Monday, August 10, 2009

Ground Driving on the Trail

Today Maisie and I went ground-driving on the trail. This was to work on some issues we had the last time we trail rode. That time, although she was good on the outbound, as we started for home she started to show some herd-bound behavior - she was a bit agitated and wanting to speed up, and as we got nearer to the barn, she was calling. She's been showing some herd-boundness in her stall as well - if one of the other mares is out of the barn, she calls and calls and even sometimes kicks and body-slams - just anxious about it all.

Now understand, Maisie is hardly ever what you might call bad, except sometimes when we're coming back into work after the winter (some spins and spooks) or if she's sore (small bucks and balking). What I'm getting from her now is just herd-bound anxiety. To make it easier for us to work on this, we ground drove. When I first brought Maisie to our barn, she had never been on trails before, and we ground drove a lot. To make it a bit more interesting, I got her out of the pasture at an earlier time than normal, and we went on a outbound trail which is one we haven't been on this year. I ground drove her in the halter with the fuzzy padded noseband, so she didn't have to worry about the bit and so there was less chance of her ducking under the bit when anxious or getting dinged in the mouth if she had a meltdown. Our goal was to have a reasonably relaxed outing both going out and coming back to the barn. If she started to get anxious, I wanted to do some things to help her get through this, with the goal to be able to ride more calmly next time.

Here she is, ready to set out:

First, we passed the dumpsters - no problem at all:

Then up the hill away from the barn - just fine:

This is one of the prettiest parts of the trail:

She didn't care about the play area equipment:

We went around a corner and up a hill - this is the beginning of the part of the trail we haven't ridden on since last year - I had to chirp to encourage her to take the new path:

Now we're come to the top of the hill and are coming down to a little group of trees - she's a little more forward and the ears are up and alert:

At this point, the bugs started to get even worse - lots of mosquitos and deer flies - she'd been sprayed but it didn't do much good:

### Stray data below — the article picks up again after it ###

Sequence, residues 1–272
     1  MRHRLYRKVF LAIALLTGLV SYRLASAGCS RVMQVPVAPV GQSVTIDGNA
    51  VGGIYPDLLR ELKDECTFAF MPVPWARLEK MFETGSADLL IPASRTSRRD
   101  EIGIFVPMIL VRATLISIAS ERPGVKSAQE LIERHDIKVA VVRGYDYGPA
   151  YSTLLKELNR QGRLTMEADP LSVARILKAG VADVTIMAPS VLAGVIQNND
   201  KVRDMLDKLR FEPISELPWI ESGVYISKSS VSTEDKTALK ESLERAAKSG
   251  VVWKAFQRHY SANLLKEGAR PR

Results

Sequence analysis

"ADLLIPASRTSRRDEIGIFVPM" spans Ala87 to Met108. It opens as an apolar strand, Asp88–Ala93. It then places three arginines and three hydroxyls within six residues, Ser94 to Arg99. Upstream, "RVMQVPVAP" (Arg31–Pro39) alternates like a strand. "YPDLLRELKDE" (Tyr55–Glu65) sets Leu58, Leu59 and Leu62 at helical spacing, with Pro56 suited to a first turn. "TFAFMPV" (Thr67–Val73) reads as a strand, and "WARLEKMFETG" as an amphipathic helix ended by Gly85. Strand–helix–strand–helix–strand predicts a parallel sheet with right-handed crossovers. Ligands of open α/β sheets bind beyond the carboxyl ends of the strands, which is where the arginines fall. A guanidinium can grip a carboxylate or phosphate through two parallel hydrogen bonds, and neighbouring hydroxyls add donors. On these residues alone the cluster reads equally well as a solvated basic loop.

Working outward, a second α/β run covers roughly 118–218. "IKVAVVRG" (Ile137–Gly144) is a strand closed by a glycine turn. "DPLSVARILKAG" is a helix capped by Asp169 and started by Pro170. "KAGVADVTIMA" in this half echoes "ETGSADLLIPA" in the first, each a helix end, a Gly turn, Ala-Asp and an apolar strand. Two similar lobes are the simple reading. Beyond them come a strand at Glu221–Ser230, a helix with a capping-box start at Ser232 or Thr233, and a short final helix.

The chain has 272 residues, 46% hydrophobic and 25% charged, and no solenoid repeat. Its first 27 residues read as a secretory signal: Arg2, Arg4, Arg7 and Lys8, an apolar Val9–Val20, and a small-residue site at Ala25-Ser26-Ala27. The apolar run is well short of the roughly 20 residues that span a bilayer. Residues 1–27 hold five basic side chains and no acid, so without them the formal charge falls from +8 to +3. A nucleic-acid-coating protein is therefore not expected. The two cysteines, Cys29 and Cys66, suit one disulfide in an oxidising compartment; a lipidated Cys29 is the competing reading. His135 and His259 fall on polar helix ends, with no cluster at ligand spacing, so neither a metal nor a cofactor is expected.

She was still compliant, halting or slowing when I asked, although fretful because of the flies. When we got to the point where we'd be turning for home, instead of going that way right away, we turned down another path and went a few hundred yards to take a break by the fountain and the stores - we stood there for a while:


Then we turned towards home, and at this point I stopped taking pictures, as I needed both hands all the time. She immediately wanted to go faster - we slowed. She wanted to jig - we did serpentines. When I asked her to halt, she didn't want to, so I turned her one way or the other and got the halt. When we halted, we started moving again when she stood still - no weaving or pawing - I just waited for her to settle and off we went again. There was a bad wooded stretch where I walked at her head, and another swampy area where we were attacked for a moment by a B-52 fly - it landed a couple of times but didn't bite and luckily she didn't have a fit and we escaped by walking quickly in hand until it gave up the hunt.

Once we were past the worst of the insect predators, we went back to ground driving. More halts (with turns to one side if they didn't come right away), and I upped the ante a little by asking for good halts - quickly and straight without too much pressure. If we didn't get that - if I had to turn to get her to halt (I did this instead of upping the pressure since I didn't want to use more), we then backed until we got three good two-beat back steps with softness in her body - then forward again. After a while, I got the halt I wanted with a soft whoa, and little pressure - so no backing to get the softness since I already had it.

As we approached the barn, we kept going past it and made a circle around the community garden. And then we were done - we were both pretty tired at this point - or at least I was! Here she is in the paddock chilling out for a little while - but still looking for her friends!

Herd-bound behavior takes some work, but I think we made some progress today. There were no meltdowns, and we ended up in a pretty good place.